1. A laminated film structure which comprises a layer of (1) a film of a polymer of trifluoromonochloroethylene selected from the group consisting of homopolymers of trifluoromonochloroethylene and copolymers theerof with vinylidene fluoride and tetrafluoroethylene wherein the trifluoromonochloroethylene is present in a major proportion, said film having thereon (2) a uniform, adherent coating of a polymerized ethylene imine of the magnitude of at least about .03 lb. per 3,000 square feet, said coating being joined in turn to (3) a film of plasticized polyvinyl chloride containing between about 5 parts and about 60 parts of a plasticizer per parts of polyvinyl chloride.

2. The laminated film structure of claim 1 wherein the polytrifluoromonochloroethylene film is a copolymer of about 96% trifluorornonochloroethylene and about 4% vinylidene fluoride.

3. The laminated film structure of claim 1 wherein the polytrifluoromonochloroethylene film is a terpolymer of about 96% trifluoromonochloroethylene, about 1% vinylidene fluoride and about 3% tetrafluoroethylene.

4. The method for preparing a composite laminated film structure which comprises applying to the polymerized ethylene imine coating of a'polyethylene iminecoated polytrifluoromonochloroethylene film, a film of plasticized polyvinyl chloride, applying light pressure to the resulting composite film while heating the portion of the plasticized polyvinyl chloride contiguous to the polyethylene imine to a temperature high enough to cause softening of said plasticized polyvinylchloride and thereafter cooling the composite film to produce a tightly bonded laminated film.

5. The method of preparing a composite laminated film structure which comprises applying to a thermoplastic film of a polymer from trifluoromonochloroethylene, selected from the group consisting of homopolymers of trifluoromonochloroethylene and copolymers thereof tion, and mixtures thereof, a coatin of a polyethylene imine of molecular weight between about 30,000 and about 40,000, said coating having a thickness equivalent to between about 0.03 pound and about 0.5 pound per 3,000 square feet, contacting said polyethylene imine coating with a preformed film of plasticized polyvinyl chloride, applying pressure to the resulting composite film While heating the portion of the plasticized polyvinyl chloride film contiguous to the polyethylene imine to a temperature of at least about 300 F., continuing the heating of the resulting composite film at a temperature between about 250 F. and about 350 F. for a period of at least about 30 seconds, and thereafter cooling the composite film.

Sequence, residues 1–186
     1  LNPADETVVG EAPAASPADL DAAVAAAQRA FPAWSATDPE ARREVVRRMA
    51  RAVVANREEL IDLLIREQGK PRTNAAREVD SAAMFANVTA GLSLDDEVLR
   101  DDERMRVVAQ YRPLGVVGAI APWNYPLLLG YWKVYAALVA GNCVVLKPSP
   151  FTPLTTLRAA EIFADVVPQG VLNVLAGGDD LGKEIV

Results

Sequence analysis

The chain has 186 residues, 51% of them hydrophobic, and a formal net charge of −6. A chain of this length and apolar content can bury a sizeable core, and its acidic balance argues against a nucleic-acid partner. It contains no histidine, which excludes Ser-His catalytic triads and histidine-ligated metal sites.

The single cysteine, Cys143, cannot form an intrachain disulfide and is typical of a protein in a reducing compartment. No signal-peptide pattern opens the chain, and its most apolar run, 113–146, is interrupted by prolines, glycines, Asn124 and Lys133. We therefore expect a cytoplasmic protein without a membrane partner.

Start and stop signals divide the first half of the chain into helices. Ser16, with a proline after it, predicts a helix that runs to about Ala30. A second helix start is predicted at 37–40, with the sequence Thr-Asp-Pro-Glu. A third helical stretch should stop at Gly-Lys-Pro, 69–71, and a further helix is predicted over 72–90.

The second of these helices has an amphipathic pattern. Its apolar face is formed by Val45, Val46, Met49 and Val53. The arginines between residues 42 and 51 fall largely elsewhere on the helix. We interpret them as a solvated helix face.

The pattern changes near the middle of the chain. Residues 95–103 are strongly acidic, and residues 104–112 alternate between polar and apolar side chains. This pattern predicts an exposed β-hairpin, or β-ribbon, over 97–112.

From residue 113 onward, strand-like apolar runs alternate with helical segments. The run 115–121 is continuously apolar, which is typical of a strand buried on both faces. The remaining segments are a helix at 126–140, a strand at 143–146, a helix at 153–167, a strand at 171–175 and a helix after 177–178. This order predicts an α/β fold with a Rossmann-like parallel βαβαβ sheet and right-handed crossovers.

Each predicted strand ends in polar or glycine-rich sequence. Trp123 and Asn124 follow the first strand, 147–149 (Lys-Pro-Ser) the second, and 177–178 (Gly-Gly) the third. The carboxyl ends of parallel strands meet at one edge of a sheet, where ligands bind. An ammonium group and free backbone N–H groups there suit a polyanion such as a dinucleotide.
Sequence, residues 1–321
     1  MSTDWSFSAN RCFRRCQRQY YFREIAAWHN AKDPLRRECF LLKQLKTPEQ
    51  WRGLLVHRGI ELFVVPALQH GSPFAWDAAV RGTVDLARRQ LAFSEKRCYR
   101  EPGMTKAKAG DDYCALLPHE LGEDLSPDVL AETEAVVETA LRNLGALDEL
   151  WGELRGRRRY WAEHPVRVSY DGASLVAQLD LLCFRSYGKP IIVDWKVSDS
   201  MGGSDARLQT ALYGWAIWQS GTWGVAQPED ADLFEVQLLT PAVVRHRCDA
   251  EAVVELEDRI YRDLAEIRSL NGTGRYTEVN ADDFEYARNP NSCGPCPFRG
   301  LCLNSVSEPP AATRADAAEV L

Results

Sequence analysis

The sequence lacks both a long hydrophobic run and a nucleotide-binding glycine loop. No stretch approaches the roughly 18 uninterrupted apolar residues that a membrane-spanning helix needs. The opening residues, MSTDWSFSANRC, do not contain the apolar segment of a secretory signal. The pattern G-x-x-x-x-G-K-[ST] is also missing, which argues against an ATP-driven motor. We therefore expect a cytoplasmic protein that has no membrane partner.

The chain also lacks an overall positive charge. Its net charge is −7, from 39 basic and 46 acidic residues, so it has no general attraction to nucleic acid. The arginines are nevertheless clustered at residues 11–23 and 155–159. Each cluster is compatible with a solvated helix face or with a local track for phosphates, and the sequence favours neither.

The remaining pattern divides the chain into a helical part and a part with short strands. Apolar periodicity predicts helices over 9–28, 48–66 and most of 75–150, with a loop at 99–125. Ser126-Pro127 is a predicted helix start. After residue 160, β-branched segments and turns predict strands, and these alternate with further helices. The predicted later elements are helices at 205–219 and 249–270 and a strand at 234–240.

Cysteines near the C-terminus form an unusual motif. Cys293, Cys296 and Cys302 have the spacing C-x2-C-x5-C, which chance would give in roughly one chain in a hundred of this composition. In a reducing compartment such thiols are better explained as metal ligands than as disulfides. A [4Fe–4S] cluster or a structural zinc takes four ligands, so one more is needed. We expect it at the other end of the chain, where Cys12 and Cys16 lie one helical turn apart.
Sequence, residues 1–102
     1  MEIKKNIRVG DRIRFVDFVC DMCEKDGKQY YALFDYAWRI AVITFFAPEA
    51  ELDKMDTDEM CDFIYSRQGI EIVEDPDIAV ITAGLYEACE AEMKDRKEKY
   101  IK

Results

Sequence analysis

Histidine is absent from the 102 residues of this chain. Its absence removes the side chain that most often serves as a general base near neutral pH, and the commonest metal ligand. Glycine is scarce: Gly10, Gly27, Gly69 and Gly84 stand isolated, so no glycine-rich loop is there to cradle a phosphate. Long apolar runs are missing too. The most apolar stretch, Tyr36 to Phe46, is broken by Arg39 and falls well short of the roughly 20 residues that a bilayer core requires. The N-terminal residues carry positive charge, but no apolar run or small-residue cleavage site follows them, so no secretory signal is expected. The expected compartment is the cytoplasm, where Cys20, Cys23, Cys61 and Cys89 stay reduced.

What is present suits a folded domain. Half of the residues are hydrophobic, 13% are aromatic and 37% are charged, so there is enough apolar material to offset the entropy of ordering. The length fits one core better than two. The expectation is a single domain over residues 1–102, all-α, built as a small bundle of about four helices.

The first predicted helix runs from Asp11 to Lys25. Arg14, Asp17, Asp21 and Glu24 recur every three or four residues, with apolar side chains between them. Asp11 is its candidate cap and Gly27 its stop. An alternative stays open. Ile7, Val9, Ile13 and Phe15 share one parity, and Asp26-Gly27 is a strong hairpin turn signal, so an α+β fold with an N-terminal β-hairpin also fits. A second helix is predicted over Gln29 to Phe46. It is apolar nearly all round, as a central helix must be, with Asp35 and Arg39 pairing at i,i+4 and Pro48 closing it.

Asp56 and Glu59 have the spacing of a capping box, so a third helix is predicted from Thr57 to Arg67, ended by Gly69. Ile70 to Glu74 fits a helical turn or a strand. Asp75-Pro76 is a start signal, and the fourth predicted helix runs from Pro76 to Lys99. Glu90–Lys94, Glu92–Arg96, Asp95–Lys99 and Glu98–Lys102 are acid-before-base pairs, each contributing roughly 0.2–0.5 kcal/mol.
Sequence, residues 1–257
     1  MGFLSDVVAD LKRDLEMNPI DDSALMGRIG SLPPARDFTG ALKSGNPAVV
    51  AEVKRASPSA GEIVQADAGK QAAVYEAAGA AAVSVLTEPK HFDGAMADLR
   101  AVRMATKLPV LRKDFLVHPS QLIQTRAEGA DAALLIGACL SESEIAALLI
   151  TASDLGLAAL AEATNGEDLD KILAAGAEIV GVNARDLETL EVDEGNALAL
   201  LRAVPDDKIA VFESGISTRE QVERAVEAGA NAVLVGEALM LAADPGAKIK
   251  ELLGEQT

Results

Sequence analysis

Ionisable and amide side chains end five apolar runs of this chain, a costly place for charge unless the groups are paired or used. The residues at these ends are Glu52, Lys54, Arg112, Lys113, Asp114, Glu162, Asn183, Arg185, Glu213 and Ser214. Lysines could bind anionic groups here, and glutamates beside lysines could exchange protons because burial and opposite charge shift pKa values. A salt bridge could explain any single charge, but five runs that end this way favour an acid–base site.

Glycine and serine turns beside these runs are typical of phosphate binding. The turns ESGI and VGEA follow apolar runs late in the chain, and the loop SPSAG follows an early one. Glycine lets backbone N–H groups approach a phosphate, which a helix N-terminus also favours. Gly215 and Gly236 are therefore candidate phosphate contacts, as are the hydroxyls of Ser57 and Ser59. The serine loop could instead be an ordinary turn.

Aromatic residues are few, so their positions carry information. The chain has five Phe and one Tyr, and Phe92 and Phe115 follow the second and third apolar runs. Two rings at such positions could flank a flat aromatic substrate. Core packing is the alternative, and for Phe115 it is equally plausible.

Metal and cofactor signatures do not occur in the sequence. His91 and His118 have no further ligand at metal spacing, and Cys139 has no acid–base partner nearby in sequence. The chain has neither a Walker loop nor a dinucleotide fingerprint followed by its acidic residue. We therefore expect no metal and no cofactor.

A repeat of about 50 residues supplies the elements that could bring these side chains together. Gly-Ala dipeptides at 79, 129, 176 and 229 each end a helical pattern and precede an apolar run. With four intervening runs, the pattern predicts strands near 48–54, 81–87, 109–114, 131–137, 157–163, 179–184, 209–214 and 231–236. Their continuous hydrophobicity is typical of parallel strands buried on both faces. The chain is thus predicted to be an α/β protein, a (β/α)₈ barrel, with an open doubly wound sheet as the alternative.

6. The process of claim 5, wherein the trifiuorornonofiuoromonochloroethylene and about 4% vinylidene fluoride.

7. The process of claim 5, wherein the trifluoromono chloroethylene polymer is a terpolymer of about 96% tri- 5 fluoromonochloroethylene, about 1% vinylidene fluoride and about 3% tetrafluoroethylene.

References Cited UNITED STATES PATENTS 10 2,774,704 12/1956 Smith 161189 3,078,179 2/1963 Kuhn et al. 16l254 X EARL M. BERGERT, Primary Examiner.

chloroethylene polymer is a copolymer of about 96% tri- 15 HAROLD ANSHER, Examiner-

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Referenced by
Citing PatentFiling datePublication dateApplicantTitle
US3432373 *Nov 27, 1964Mar 11, 1969Johns ManvilleMethod of forming a laminate and winding same into a roll
US3469848 *Apr 11, 1966Sep 30, 1969Tri Point Ind IncFluorocarbon sound record
US3503399 *Feb 6, 1967Mar 31, 1970Brunswick CorpRetention catheter with balloon secured thereto by an adhesive preventing plasticizer migration
US3607544 *Apr 30, 1969Sep 21, 1971Fmc CorpMixture of steam, alcohol and polyalkyleneimine as adhesion promoter for laminates
US4687968 *Aug 12, 1985Aug 18, 1987Rogers CorporationEncapsulated electroluminescent lamp
US5874035 *Jul 31, 1996Feb 23, 1999Alliedsignal Inc.Highly oriented fluoropolymer films
US5945221 *Dec 10, 1996Aug 31, 1999Alliedsignal Inc.Biaxial orientation of fluoropolymer films
US6440566Oct 1, 1999Aug 27, 2002Airtech International, Inc.Using a multilayer release film as a barrier at the surface of the resin material during the molding process to facilitate article removal
US6555190Aug 24, 1998Apr 29, 2003Honeywell International Inc.Films with UV blocking characteristics
US8747973Apr 13, 2005Jun 10, 2014Daikin Industries, Ltd.Fluid transfer member
WO2005037900A1 *Oct 15, 2004Apr 28, 2005Carl E AltmanMethod of making oriented polychlorotrifluoroethylene films
U.S. Classification428/422, 156/326
International ClassificationB32B27/00
Cooperative ClassificationB32B27/00
European ClassificationB32B27/00